The Canadian Mint unveiled a new collector coin Friday at the McGill Pow Wow featuring the fancy dancer design of Akwesanse artist Garrison Garrow. (Daniel J. Rowe, The Eastern Door)
Akwesasne artist Garrison Garrow is well aware his work on the tail side of a Royal Canadian Mint collector coin does not come without consideration, and maybe controversy.
His portrait is, after all, on Canadian money.
“That was definitely on my mind, for sure,” said Garrow.
Susanna Blunt’s Queen Elizabeth II portrait is featured on the “heads” side of the coin.
Garrow is a policy analyst working out of Indigenous and Northern Affairs Canada (INAC), and sees his work as an artist no different than the work he does as a civil servant: he works for Onkwehón:we people.
“Doing the coin design is the same thing,” he said. “I’m creating this design, but it’s going back to the powwow dancers, the fancy dancers, and what they do, so I’m showing respect for them.”
The pure silver, two-ounce coin featuring a colourful and vibrant fancy dancer is not anything to be used in a vending machine or tollbooth. With just 3,500 printed, the $189.95 price tag is well beyond the $30 value on the coin.
With collector coins, the Mint’s goal is to create more than just money.
“These are not the colours or the composition you find on a circulation coin,” said Alex Reeves, senior external communications advisor at the Mint. “Obviously, you really have an opportunity to create a work of art when it comes to collector coins.”
In creating art via coin, Reeves said, the Mint can also promote those in Canada creating unique and vibrant work.
“It’s a great way also to feature the work of Canadian artists, and, in this case, an Indigenous artist: Garrison Garrow,” he said.
Garrow started the design process in 2014, and, after the original project fell through, was contacted in November last year with the idea of creating the collector coin in colour.
“I started to redo the coin and modify it, and was able to produce what they used as the coin,” he said. “At first it was just a sketch, mostly pencil with some pen and ink, and then when they wanted to colourize it, I switched it over and digitized it.”
The Mint regularly features history, culture, heritage, and other aspects of the state on its coins, including several Indigenous-themed collector and circulation coins.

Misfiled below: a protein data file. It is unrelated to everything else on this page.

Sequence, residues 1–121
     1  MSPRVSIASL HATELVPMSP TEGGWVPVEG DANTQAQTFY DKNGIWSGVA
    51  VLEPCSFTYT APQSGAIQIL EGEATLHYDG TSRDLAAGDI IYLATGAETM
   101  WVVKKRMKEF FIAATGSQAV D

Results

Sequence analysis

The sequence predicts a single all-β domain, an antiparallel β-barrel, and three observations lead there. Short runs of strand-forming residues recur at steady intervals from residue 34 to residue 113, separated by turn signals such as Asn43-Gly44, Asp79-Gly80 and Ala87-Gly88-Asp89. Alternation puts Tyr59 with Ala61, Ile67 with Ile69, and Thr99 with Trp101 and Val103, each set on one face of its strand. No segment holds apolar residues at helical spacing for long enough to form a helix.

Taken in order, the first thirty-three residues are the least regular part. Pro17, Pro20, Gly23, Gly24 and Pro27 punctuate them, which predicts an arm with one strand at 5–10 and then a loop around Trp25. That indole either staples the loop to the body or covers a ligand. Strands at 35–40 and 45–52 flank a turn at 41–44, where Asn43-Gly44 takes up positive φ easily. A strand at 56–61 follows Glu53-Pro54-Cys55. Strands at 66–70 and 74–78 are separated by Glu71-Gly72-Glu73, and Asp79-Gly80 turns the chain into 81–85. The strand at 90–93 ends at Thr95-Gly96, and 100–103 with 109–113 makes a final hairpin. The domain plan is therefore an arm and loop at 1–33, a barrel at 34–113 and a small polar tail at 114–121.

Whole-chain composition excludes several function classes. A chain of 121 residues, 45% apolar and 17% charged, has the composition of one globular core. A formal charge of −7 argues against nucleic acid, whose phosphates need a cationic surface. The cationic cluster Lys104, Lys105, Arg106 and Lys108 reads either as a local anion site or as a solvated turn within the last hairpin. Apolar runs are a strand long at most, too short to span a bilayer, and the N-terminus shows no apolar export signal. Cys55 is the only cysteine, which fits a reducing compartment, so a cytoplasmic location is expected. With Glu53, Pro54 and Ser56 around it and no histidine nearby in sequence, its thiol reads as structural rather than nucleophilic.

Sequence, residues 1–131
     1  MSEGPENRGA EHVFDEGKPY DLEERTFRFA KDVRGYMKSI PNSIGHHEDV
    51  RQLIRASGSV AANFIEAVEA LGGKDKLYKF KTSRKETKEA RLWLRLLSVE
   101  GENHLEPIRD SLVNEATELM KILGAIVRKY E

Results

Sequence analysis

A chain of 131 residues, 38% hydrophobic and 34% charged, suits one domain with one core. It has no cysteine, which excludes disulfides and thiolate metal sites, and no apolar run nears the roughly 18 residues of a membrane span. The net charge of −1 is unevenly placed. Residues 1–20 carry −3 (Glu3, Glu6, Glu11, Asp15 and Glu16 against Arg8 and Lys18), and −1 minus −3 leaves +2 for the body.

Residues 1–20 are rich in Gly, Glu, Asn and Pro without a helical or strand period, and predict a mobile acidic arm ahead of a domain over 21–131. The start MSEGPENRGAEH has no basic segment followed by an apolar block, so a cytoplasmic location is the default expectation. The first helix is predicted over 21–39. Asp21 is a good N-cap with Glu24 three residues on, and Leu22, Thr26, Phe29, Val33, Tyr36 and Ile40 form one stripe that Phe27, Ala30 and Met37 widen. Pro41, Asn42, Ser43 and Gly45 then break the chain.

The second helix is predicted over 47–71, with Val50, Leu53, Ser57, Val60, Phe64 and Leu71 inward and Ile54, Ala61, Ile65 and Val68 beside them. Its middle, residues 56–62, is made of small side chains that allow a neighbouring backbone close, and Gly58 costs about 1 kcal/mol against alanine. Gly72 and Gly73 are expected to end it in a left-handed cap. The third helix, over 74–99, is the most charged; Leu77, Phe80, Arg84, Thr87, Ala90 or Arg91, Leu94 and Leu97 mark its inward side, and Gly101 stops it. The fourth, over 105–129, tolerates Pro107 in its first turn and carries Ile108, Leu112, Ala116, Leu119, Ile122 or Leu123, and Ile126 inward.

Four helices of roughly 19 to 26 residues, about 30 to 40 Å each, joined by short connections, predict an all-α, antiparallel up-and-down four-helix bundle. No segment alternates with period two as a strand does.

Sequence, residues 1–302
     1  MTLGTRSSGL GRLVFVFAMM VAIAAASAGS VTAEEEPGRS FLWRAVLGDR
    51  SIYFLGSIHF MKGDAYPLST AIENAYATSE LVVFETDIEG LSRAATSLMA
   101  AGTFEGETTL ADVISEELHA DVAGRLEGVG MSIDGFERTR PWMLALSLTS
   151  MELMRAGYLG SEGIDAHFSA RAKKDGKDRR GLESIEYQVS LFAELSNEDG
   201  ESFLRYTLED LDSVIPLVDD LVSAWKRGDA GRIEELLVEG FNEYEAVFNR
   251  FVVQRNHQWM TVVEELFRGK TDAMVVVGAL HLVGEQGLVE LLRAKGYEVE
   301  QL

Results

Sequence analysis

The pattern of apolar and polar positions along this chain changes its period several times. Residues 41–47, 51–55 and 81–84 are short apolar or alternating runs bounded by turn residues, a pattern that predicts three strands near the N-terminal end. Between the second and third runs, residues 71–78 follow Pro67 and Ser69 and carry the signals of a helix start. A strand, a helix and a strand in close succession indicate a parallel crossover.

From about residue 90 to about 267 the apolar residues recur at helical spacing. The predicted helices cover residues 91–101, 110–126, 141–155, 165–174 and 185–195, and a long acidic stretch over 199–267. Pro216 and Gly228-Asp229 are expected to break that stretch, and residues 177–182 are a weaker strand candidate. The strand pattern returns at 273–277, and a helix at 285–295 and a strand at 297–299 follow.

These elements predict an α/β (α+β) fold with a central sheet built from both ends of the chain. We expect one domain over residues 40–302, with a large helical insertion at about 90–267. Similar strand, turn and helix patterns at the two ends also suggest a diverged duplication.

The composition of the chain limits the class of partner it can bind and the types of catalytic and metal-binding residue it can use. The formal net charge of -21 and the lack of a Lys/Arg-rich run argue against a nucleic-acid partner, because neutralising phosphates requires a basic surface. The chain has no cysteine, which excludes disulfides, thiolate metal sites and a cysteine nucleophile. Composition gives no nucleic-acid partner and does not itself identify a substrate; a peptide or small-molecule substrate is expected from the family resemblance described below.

“Indigenous cultures are really the foundation of Canada’s history when you think about it, and we regularly produce Indigenous-themed coins,” said Reeves. “This is our newest version of it.”
The one-once pure silver, gold-plated Tecumseh coin was the most recent collector coin the Mint produced. It sells for $129.95.
For Garrow, the fancy dance design is something he sees as a perfect fusion of traditional and modern Onkwehón:we realities.
“Fancy dancing is a new form of powwow dancing,” he said. “It was born from the idea of powwows. You had traditional dances and then at a certain point in time, they started to modify it a bit, and that became the fancy dance.
“It’s got a lot of energy and you’re using western materials – artificial colours and fabrics – and they’re incorporating a lot of moves that you find in different cultures like hip hop culture, there’s a lot of acrobatics, it’s a very, very energetic movement.”
In the flip of a coin (literally), a reconciliation occurs in Garrow’s fancy dance coin, as the Onkwehón:we and Canadian worlds appear alternately with each turn.
The fancy dance is the perfect way to achieve this reconciliation for the artist.
“It’s a fusion of traditional and the world we live in now,” said Garrow. “That’s also why I think it fits in well with reconciliation because it is about bringing those two together in a way that is our way to do it.
“The foundation of the dance is ours, our traditional way of doing things, and we are allowed to bring in the elements that we want from our culture and from western culture and bring it together,” he said.